As they take over where the House’s American Health Care Act left off, Republicans in the Senate are focused on finding politically acceptable solutions that reduce spending (and taxes) while minimizing loss of coverage for millions of Americans. The details of subsidies, funding sources and eligibility are important, but they must not crowd out solutions for the fundamental problem we face: we spend far too much on healthcare and aren’t getting the returns we need. Politicians and the Trump administration must remember that the defining healthcare issue of our time is value.
Flaws within the House bill version
Even in the current hyperpartisan District of Columbia, the House bill has such obvious flaws that it has few real defenders. Republicans promised to repeal and replace the Affordable Care Act (ACA) yet instead produced an “Obamacare Lite” package that has satisfied few. Its opponents include most of the healthcare industry.
For hospitals, fewer insured lives means fewer paying customers and more unreimbursed care. For patients, it means postponing care until they qualify for other programs like Medicare (or until they end up in an emergency room). The long-term effect will be to raise the costs of our overall healthcare system, as problems that could have been inexpensively addressed early are allowed to fester into full-blown catastrophes.
On top of that, the major source of savings in the bill is a reduction in spending on Medicaid, through per capita caps or block grants to states and by phasing out the ACA’s expansion of that program. Reduced spending here also means less revenue for hospitals and as the New York Times notes a reversal of the minimal-but-real improvements found by researchers in the previously uninsured population.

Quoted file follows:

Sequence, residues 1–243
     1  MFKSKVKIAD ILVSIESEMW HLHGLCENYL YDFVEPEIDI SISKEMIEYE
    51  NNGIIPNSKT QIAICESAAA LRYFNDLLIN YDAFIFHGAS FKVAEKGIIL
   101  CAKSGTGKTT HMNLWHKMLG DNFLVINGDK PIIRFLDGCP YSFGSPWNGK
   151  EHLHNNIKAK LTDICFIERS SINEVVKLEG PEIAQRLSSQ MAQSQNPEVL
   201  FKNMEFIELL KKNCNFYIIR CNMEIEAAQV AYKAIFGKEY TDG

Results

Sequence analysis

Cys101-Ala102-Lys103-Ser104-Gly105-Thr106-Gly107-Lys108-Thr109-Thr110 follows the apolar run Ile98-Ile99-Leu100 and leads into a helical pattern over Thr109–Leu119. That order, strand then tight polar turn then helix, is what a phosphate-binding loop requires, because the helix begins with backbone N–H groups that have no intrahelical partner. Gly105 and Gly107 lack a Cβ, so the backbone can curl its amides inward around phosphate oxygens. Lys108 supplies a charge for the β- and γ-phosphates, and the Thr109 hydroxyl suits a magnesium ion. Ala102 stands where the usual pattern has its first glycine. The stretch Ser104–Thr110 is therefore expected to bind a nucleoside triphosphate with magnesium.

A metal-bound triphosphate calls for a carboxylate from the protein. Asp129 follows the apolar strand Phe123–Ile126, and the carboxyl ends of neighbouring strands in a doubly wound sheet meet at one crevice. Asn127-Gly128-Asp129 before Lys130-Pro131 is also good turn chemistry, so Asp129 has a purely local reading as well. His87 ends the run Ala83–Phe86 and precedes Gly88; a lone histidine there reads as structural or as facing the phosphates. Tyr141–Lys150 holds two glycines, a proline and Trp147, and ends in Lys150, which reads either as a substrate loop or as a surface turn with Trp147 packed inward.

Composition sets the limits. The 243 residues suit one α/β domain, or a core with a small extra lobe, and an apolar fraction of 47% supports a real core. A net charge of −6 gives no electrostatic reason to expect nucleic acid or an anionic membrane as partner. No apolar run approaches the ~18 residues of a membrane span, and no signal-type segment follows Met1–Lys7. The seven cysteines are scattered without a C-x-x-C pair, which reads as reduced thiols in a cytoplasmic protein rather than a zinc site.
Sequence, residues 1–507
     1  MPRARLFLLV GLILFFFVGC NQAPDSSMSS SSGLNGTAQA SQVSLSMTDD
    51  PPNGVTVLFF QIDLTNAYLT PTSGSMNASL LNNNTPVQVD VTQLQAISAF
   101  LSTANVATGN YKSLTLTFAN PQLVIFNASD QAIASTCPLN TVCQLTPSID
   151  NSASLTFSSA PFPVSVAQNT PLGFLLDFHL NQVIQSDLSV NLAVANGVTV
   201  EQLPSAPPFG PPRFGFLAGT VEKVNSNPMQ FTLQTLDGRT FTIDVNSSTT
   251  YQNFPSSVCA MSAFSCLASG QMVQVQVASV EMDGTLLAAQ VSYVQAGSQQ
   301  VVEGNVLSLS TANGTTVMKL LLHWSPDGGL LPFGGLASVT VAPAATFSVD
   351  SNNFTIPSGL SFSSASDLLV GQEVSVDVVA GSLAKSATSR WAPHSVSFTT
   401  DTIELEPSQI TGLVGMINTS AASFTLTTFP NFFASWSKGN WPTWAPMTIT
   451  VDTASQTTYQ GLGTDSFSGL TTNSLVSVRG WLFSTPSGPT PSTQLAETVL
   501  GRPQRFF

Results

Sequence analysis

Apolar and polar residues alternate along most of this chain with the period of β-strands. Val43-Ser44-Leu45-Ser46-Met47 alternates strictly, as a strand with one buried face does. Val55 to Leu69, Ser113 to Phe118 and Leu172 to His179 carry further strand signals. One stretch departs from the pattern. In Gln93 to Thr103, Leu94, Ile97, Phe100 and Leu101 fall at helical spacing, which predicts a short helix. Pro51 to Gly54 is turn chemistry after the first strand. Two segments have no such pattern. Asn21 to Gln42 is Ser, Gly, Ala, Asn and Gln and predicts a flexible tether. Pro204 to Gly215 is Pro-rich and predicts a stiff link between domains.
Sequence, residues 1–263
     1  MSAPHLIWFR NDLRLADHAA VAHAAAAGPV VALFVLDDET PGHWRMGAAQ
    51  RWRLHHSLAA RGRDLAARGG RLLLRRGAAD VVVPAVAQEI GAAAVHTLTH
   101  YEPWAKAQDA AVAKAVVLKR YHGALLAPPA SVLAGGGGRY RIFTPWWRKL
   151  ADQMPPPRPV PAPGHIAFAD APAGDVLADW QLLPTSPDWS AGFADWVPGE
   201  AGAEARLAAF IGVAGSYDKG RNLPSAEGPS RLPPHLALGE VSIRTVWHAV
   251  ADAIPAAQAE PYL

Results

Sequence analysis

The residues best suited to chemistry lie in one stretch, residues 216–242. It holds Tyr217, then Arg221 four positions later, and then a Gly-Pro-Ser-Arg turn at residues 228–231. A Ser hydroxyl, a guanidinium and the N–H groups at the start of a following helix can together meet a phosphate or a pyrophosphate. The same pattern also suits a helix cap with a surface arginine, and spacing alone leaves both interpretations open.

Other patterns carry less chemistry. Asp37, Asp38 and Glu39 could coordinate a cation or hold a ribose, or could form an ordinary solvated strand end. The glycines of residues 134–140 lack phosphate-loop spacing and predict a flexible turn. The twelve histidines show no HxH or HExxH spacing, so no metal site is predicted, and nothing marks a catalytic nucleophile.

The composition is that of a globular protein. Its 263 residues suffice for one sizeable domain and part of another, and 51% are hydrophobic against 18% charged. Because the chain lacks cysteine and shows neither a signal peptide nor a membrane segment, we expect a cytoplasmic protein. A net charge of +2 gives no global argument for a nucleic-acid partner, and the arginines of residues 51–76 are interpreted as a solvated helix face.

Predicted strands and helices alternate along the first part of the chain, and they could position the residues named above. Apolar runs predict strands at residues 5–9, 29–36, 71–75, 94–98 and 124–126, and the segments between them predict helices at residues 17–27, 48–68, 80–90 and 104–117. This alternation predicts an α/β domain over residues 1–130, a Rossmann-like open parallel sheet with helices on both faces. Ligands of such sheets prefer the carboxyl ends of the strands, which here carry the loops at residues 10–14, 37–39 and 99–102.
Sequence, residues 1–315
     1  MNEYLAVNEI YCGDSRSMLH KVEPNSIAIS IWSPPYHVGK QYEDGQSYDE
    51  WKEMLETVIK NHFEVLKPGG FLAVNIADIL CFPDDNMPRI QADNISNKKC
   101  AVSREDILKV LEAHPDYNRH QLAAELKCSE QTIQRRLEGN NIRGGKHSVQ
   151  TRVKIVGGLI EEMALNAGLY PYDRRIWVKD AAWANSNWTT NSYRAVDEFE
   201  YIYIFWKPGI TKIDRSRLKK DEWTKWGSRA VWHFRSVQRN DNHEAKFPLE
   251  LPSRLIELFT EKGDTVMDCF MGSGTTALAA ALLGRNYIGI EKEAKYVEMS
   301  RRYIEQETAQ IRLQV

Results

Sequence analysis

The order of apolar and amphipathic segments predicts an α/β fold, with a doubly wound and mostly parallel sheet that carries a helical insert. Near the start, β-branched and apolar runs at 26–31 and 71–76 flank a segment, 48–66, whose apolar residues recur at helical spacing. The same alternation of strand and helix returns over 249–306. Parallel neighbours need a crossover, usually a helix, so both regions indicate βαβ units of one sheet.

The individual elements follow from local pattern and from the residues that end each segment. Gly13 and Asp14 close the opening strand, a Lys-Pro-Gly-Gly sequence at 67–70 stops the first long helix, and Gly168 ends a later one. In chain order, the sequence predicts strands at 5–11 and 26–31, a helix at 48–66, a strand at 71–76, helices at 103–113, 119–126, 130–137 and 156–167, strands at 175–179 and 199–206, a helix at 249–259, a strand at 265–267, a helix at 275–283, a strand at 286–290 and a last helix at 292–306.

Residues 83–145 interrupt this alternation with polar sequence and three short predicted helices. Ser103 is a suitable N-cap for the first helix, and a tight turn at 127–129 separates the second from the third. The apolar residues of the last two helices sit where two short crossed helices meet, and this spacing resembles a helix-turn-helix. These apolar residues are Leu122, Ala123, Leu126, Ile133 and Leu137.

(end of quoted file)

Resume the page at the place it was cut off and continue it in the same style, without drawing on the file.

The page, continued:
While the bill will certainly see changes in the Senate–if not a wholesale rewrite–the next version needs to address the real problem in our health system: it is far too costly, largely because of structures that lead to waste and incentivize more care (and more expensive care), rather than better care.
Changing how health insurance gets priced or paid for will not change the underlying cost of our system or the value it delivers for consumers. It’s time to move beyond insurance reform and instead focus on delivery and payment reform.
The need for a market-based model
All of this work starts with a focus on moving toward a market-based model, based on three key principles:
First, we need transparency in cost and quality, ensuring access to data and helping consumers understand what’s valuable and what’s not. Only by meeting both of these requirements will greater transparency have the potential to yield better health outcomes at lower costs.
Second, we need to connect payment with outcomes, thereby holding providers accountable for results across the continuum (in terms of quality of care and total cost). Shifting to paying for an episode of care—bundled pricing—has shown promise in constraining the cost of care and maintaining or improving outcomes. When payments are made contingent on appropriate outcome metrics, healthcare delivery gets more efficient and responsive to consumer needs. Population health models have even more promise, encouraging prevention instead of intervention by blunting incentives to perform more procedures.
Third, we need to keep consumers at the center of their care and encourage real competition. Armed with information and the ability to choose between providers that are accountable for the value of their care, consumers will be able to drive market-based improvements in outcomes and cost.
Under this model—what we might call real reform—hospitals will still face a lot of top- and bottom-line pressure. However, those providers that deliver the greatest value will be rewarded, and those that don’t will be forced out of the market. This is the only way to stop the healthcare industry from absorbing the quarter of the national budget it is projected to encompass by 2025. The status quo—even if it’s relabeled—will otherwise bankrupt the country.
Rita E. Numerof, Ph.D., is president of Numerof & Associates, a firm that helps businesses across the healthcare sector define and implement strategies for winning in dynamic markets.